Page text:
1. Not finding help here? Sign up for a free 30min tutor trial with Chegg Tutors
    Dismiss Notice
Dismiss Notice
Join Physics Forums Today!
The friendliest, high quality science and math community on the planet! Everyone who loves science is here!

Help to solve electric field lines in a dielectric

  1. Sep 27, 2008 #1
    Hi all,

    I am trying to solve numerically as well as model the electric field lines coming out of a electrode (not a point charge) in a dielectric medium. ANy suggestions would be greatly beneficial

    _________________________________________________
    _ seperated by d + seperated by d _

    ---> Di electric medium + positive charge
    _ Negative charge

    _ seperated by d + seperated by d _ Field lines are from + to - and are elliptical
    ________________________________ Please help
     

    Attached Files:

    Last edited: Sep 27, 2008
  2. jcsd
  3. Sep 27, 2008 #2

    Redbelly98

    User Avatar
    Staff Emeritus
    Science Advisor
    Homework Helper

    I would solve for the voltage with eg. LaPlace's equation (or was it Poison's? Sorry, it's been a while for me), then use
    E = -grad V
    perhaps with a Runge-Kutta algorithm.
     
  4. Sep 27, 2008 #3
    Hi,
    thanks. How do you use Laplace for solving. Thanks. Any suggestions are greatly appreciated. Do you have any links online which tells that. Thanks
     
  5. Sep 27, 2008 #4

    Redbelly98

    User Avatar
    Staff Emeritus
    Science Advisor
    Homework Helper

    Don't know of any online links, you can always try Google.

    A good reference book is Numerical Recipes in C, or Numerical Recipes in Fortran, by Press, teukolsky, Vetterling, and Flannery. You can look in the section on Relaxation Methods in the chapter on Partial Differential Equations.

    But I will warn you that you can spend a lot of time writing code, perhaps more than you want to. If this is a work-related project, buying some commercial software that models E-M fields is a better way to go. For example:
    http://www.ansys.com/Products/emag.asp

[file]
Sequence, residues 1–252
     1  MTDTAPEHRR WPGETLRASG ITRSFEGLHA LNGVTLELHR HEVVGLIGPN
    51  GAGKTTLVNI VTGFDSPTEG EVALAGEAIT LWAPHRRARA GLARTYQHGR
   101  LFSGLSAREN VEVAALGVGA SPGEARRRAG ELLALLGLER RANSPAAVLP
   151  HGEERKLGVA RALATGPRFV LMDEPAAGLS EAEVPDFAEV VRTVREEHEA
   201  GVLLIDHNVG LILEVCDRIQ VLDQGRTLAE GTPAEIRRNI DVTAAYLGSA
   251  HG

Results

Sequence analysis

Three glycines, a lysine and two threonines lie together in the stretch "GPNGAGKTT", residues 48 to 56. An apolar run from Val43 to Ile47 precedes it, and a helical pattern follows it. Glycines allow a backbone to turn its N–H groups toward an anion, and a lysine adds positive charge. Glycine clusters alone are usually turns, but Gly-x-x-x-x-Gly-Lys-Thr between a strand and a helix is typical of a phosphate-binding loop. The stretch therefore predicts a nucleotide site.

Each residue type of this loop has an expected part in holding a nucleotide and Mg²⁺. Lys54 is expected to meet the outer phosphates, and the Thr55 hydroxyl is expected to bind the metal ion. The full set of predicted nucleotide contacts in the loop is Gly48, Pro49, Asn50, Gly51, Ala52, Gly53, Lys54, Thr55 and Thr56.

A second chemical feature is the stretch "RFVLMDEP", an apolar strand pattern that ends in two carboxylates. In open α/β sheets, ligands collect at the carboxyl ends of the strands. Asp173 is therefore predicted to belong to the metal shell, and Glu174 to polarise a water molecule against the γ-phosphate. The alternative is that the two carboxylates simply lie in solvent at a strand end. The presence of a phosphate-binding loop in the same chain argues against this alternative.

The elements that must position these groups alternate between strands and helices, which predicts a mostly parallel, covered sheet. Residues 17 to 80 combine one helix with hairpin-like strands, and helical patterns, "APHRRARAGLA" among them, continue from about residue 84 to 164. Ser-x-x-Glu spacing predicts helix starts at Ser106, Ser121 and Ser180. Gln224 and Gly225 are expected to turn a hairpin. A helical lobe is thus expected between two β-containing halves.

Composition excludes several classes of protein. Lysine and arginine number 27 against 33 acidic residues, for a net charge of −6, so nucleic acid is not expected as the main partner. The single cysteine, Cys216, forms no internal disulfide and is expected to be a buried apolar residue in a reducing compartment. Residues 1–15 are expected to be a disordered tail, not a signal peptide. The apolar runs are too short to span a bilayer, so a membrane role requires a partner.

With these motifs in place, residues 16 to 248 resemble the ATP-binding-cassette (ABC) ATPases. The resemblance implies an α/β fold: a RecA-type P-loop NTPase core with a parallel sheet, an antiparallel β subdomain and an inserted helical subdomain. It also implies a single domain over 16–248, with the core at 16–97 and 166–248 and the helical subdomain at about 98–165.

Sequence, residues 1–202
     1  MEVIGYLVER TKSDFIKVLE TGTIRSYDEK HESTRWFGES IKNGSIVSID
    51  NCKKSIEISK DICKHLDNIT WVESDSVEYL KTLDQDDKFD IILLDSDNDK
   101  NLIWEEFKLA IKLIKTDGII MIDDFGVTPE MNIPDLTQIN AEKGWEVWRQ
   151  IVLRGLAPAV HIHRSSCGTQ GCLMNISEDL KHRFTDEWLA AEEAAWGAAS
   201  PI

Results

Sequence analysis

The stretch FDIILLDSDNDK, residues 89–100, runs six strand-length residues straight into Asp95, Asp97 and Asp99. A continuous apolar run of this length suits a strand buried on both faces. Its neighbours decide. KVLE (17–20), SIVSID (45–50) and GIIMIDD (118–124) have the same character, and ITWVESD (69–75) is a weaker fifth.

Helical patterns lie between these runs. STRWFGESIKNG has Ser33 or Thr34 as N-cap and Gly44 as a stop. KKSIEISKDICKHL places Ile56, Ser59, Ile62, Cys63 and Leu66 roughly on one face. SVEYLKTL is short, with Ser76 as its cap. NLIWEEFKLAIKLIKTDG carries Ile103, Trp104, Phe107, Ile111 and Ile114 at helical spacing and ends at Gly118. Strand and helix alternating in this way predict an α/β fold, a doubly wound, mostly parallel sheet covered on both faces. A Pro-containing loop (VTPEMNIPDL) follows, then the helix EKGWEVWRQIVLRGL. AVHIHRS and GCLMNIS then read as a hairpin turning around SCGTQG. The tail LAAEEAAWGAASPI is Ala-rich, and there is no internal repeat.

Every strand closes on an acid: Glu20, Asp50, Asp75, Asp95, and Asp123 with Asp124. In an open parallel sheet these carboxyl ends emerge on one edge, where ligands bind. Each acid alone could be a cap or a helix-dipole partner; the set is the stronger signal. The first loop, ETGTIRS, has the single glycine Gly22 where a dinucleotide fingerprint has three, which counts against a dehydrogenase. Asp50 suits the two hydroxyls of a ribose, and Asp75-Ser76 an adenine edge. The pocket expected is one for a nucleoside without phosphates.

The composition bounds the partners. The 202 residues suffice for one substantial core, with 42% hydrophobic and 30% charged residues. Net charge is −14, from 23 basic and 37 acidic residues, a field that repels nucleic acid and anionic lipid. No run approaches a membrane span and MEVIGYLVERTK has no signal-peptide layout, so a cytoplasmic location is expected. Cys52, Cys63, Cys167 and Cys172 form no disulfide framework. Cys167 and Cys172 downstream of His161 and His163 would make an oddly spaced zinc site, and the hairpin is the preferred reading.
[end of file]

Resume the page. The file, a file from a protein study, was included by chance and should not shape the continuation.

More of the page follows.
6. Sep 28, 2008 #5
    Hi,
    very many thanks for your reply. I am actually struck on how to solve the laplace equations. I want to have a numerical solution for this problem. Should I start with electric field due to a line charge. Where can i find that material ?
    Thanks
     
  7. Sep 28, 2008 #6

    Redbelly98

    User Avatar
    Staff Emeritus
    Science Advisor
    Homework Helper

    I don't see how that would help. It looks like flat electrodes in your figure.

    Solving Laplace's equation numerically:
    http://physics.exeter.ac.uk/teaching/CDHW/EM/CW960313-2.pdf
    which is the first hit (out of 55,000) listed at
    http://www.google.com/search?source...lace's+equation"+numerical&btnG=Google+Search

    I'll reiterate, this gives the potential, not the electric field. Also, the dielectric boundary complicates things somewhat and I imagine you need to set up the equation differently along the boundary.

    You'd still need to get the E-field once you have the potential.

    If others in here have better suggestions, feel free to jump in ...
     
  8. Sep 28, 2008 #7

    marcusl

    User Avatar
    Science Advisor
    Gold Member

    I'm afraid if you haven't studied electricity and magnetism, you could be lost in this problem. You need at least solutions to the Laplace equation, potentials and fields, and orthogonal funcitons. Complex variables would be helpful, as noted below. You might start with a standard E&M book like Griffith's, or the beautiful but not so well known one by Mel Schwartz.

    There is a nice technique that probably can give you an analytic solution to this problem. You transform this problem to a parallel line (e.g., parallel plate) geometry with a conformal transformation, solve it analytically there, and transform the solution back to the circular geometry. I can't remember the transformation off the top of my head--I think it's the bilinear transform. Smythe's book Static and Dynamic Electricity covers the techniques you need, although it's not a beginner's book.
     
    Last edited: Sep 28, 2008
Know someone interested in this topic? Share this thread via Reddit, Google+, Twitter, or Facebook

Have something to add?